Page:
My alarm clock goes off. It’s time to get up. I didn’t stay up to 1am to write, therefore, I am in a good position to go into this two-hour writing session with more energy before work as an Assistant Store Manager. I am free from distraction even skipping breakfast. I look at what isn’t crossed out on my to do list: work on memoir, work on blog, write journal and do writing assignment for workshop. I decide to write my blog. It has brewed the most in my head. I attempt to ask an important question, I would usually avoid. Can I make a living from writing?
It depends on what kind of writer you are. Dana Beth Weinberg’s The Self-Publishing Debate: A Social Scientist Separates Fact from Fiction (Part 3 of 3) shows writing income for four different types of writers:
- Aspiring writers are those who haven’t published their manuscript
- Self-published writers are those who independently published their manuscript
- Traditionally published writers typically sell their manuscript to a publishing company
- Hybrid writers are those whose manuscripts are self-published and traditionally published
Looking at the numbers from her survey, “aspiring writers made no income, while self-published authors in the sample earned a median income in the range of $1 to $4,999, while traditionally published authors had a median writing income of $5,000 to $9,999, and hybrid authors earned a median income of $15,000 to $19,999.” Before aspiring writers become authors do your homework about publishing. I wrote a previous post about where to go to publish. It may make sense to be a writer who has one foot in traditional publishing and the other in self-publishing to reach your fullest potential.
Let’s face it. Writing is a courageous act for a writer because the road to success has no clear path. Despite working on the next great American novel and having the ability to chase writing gigs that pay; both may not produce a livable wage. It can be a cruel reality trying to find the right blend of writing and making a living. For a lot of writers, writing is the other job after a full day’s work. It could be teaching, or a list of jobs that have nothing to do with writing.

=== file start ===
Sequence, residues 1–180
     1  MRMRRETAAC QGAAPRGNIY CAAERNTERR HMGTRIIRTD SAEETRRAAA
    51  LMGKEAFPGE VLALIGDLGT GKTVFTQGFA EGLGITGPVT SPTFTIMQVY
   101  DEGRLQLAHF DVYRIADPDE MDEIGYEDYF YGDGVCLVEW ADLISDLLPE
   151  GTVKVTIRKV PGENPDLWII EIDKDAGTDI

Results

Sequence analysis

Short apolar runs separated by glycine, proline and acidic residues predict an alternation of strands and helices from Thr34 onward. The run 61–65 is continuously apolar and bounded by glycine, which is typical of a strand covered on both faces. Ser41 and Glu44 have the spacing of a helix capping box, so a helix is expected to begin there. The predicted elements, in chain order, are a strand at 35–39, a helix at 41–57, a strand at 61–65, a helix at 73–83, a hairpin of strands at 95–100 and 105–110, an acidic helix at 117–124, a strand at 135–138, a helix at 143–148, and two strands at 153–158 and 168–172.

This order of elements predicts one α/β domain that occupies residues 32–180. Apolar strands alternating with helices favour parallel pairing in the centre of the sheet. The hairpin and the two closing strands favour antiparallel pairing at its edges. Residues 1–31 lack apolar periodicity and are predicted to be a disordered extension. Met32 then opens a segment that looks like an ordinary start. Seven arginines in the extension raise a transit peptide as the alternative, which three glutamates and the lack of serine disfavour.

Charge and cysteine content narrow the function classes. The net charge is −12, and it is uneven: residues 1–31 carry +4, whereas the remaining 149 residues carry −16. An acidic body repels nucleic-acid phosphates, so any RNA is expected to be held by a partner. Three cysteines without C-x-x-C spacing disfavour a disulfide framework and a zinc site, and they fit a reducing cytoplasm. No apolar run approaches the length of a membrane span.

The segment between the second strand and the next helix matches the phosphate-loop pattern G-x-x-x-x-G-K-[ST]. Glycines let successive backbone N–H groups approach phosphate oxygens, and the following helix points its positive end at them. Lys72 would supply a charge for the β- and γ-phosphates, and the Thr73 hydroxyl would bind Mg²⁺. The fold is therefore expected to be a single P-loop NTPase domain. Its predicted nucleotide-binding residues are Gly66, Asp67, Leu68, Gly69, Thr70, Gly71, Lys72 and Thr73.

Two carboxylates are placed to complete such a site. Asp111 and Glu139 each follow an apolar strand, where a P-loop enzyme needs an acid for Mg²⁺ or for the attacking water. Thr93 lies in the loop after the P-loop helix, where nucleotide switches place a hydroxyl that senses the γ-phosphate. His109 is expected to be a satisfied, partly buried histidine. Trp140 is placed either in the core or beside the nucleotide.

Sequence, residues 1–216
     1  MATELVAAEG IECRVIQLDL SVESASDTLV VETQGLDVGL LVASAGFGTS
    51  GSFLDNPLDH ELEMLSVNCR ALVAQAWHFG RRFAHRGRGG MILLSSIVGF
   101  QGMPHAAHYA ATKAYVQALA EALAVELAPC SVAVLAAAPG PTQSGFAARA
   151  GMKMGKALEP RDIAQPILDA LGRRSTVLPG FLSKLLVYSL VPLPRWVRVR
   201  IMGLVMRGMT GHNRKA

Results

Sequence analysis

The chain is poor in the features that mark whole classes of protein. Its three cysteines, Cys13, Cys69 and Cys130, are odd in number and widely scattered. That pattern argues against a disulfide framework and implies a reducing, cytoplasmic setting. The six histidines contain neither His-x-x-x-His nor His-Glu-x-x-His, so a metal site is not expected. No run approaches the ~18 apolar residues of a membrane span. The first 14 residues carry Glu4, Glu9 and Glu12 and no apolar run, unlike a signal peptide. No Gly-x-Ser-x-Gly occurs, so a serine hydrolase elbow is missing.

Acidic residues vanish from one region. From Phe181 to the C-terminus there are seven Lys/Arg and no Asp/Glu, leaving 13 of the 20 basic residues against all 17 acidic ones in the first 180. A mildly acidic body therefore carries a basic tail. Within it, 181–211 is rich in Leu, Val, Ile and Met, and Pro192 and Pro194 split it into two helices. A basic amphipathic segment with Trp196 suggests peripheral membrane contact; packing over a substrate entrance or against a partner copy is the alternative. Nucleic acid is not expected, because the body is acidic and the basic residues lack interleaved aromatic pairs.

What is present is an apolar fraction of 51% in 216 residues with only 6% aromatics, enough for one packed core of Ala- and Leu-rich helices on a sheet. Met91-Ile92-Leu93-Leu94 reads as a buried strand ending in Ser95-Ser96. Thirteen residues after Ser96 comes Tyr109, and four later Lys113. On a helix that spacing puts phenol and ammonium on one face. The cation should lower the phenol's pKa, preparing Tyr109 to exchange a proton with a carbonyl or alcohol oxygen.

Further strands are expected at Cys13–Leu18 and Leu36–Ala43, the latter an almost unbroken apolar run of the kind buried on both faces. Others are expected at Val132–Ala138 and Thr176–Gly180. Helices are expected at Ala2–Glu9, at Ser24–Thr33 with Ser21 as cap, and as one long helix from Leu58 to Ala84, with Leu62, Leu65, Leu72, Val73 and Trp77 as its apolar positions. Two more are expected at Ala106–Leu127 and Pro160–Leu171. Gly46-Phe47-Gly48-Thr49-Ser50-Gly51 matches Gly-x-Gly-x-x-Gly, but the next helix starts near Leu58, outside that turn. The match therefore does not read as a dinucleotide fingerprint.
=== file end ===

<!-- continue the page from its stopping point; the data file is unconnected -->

Writing has to be one of the few passions where achieving the end result i.e. a book doesn’t necessarily change one’s living situation. Thinking it will could be problematic. But your book that took hard should be met with reasonable expectations. What readers, critics, agents or publishers think are valid. They all have the potential to enhance your book sales. But writing rigorously puts a writer in a better position to be successful. I will go as far as to say having a purpose to write is more important than making a living from it.
As you prepare to make an income from writing here are 10 tips to make a living off writing:
- Write with a purpose
- Master your craft
- Write great books
- Create a marketing plan
- Have a great book cover
- Develop your brand
- Follow the publishing industry
- Have a network of writers, editors, readers, agents and publishers
- Know your audience
- Sell your work
My alarm goes off again. It’s time to put my pen down. I mentally switch gears from Writer to Assistant Store Manager. As an Assistant Store Manger, I am responsible for motivating associates to do their best to help achieve profits. As a Writer, I am responsible for my own motivation to create compelling stories. One day a reader of my work wrote me an email saying I encouraged her to pursue her dream to write. She saw me taking steps in my life to write despite countless obstacles. The feeling of inspiring someone is empowering. If only I earned a living from it.
Rashaun J. Allen is the author of A Walk Through Brooklyn & In The Moment. He has been featured in several publications such as: The Chronicle, The Troy Record, Albany Student Press & UA Magazine.